Entries in Environmental Protection Agency (5)


EPA Testing for Radiation in New Mexico Wildfire

Joe Raedle/Getty Images(LOS ALAMOS, N.M.) -- The wildfire that surrounds the nuclear lab in Los Alamos, New Mexico, has grown to at least 61,000 acres amid mounting concerns about what might be in the smoke from the blaze that's so big it's visible from space.

Such fear has prompted the Environmental Protection Agency to bring in air monitors, along with a special airplane that checks for radiation levels. So far officials have not been able to find anything.

"Our facilities and nuclear material are protected and safe," Laboratory Director Dr. Charles McMillan told ABC News.

The Los Alamos facility -- the birthplace of the atomic bomb -- was shrouded in secrecy long before it was surrounded by smoke after the Las Conchas fire began Sunday.

"It contains approximately 20,000 barrels of nuclear waste," former top security official Glen Walp said.  "It's not contained within a concrete, brick and mortar-type building, but rather in a sort of fabric-type building that a fire could easily consume."

"Potential is high for a major calamity if the fire would reach these areas," he added.

Reports have indicated that the flames from the 95-square-mile fire have reached as close as 50 feet from the grounds.  With a wildfire this close, lab officials, along with government officials such as New Mexico Gov. Susana Martinez, are trying to reassure the public of the plant's safety.

"I'm confident in saying that they are committed to making it safe," Martinez told ABC News.

After a mass evacuation, the city of Los Alamos remains a ghost town.  Most of its 12,000 residents were evacuated Monday, some leaving their sprinklers on to protect their homes.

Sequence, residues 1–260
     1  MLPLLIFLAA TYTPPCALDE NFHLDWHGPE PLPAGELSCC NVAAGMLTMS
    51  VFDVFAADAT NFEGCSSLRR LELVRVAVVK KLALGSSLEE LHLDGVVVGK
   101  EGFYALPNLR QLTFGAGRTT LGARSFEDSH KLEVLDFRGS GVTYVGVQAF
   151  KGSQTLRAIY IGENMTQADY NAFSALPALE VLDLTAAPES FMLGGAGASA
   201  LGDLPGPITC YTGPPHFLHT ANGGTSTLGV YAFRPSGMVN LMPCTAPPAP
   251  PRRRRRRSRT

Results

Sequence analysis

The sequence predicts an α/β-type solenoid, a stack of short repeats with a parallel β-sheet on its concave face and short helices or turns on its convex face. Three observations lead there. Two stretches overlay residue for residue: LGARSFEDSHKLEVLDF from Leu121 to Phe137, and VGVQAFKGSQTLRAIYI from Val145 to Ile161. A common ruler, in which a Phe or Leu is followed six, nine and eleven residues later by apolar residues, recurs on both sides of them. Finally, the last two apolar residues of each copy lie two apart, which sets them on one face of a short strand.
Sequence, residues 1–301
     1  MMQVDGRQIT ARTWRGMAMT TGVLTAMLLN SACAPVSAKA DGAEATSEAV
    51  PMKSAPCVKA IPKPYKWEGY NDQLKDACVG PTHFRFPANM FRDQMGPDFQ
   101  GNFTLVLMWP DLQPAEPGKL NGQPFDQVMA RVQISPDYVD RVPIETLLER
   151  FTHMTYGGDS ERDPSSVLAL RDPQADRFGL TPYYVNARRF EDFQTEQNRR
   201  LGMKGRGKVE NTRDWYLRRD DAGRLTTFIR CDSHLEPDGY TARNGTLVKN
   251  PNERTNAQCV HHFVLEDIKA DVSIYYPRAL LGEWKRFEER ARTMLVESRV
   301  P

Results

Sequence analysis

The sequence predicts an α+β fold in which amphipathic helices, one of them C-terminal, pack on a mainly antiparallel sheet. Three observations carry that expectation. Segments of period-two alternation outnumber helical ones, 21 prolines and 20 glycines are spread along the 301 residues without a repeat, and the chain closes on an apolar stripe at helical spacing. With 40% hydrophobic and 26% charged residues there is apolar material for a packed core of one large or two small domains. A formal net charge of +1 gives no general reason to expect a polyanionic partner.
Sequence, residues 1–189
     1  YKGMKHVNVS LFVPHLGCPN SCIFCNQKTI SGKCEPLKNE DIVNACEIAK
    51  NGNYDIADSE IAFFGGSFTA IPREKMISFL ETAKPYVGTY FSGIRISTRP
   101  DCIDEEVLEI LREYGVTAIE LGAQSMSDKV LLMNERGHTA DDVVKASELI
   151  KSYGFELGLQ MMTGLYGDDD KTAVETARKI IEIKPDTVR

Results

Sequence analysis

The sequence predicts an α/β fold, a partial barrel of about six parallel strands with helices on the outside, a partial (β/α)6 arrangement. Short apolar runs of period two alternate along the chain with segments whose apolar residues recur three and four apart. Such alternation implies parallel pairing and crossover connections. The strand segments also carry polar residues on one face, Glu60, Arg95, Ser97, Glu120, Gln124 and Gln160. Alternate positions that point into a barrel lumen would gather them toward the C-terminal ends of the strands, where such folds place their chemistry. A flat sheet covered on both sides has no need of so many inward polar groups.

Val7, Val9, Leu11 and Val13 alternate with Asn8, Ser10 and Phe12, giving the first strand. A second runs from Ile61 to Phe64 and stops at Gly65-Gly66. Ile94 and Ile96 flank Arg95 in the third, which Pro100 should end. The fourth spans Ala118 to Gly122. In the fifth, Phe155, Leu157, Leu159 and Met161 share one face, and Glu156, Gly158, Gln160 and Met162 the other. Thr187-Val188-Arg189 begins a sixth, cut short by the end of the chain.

Still, according to Police Chief Wayne Torpy, about 150 die-hard residents have stayed behind, unfazed by the danger presented by their nuclear neighbor.

Firefighters have made progress in the past few days, and have said that the risk of the flames reaching radioactive material is slim.  Still, they caution that winds Wednesday could change, as could their level of confidence.

Copyright 2011 ABC News Radio


Supreme Court: Only EPA Can Place Limits on Greenhouse Gases

John Foxx/Thinkstock(WASHINGTON) -- The U.S. Supreme Court made it clear Monday that it's up to the Environmental Protection Agency alone to place restrictions on greenhouse gases emitted by companies.

In the unanimous eight justice decision, with Justice Sonia Sotomayor recusing herself, the high court said a lower court was wrong to have ruled that federal judges can issue restrictions in a case involving six states that sued five major power companies.

Justice Ruth Bader Ginsburg wrote for the court that "the critical point is that Congress delegated to EPA the decision whether and how to regulate carbon-dioxide emissions from power plants; the delegation is what displaces federal common law."

The ruling still allows states and conservation groups to file lawsuits against the EPA, which will formulate new regulations later this year to restrict carbon dioxide, the primary greenhouse gas.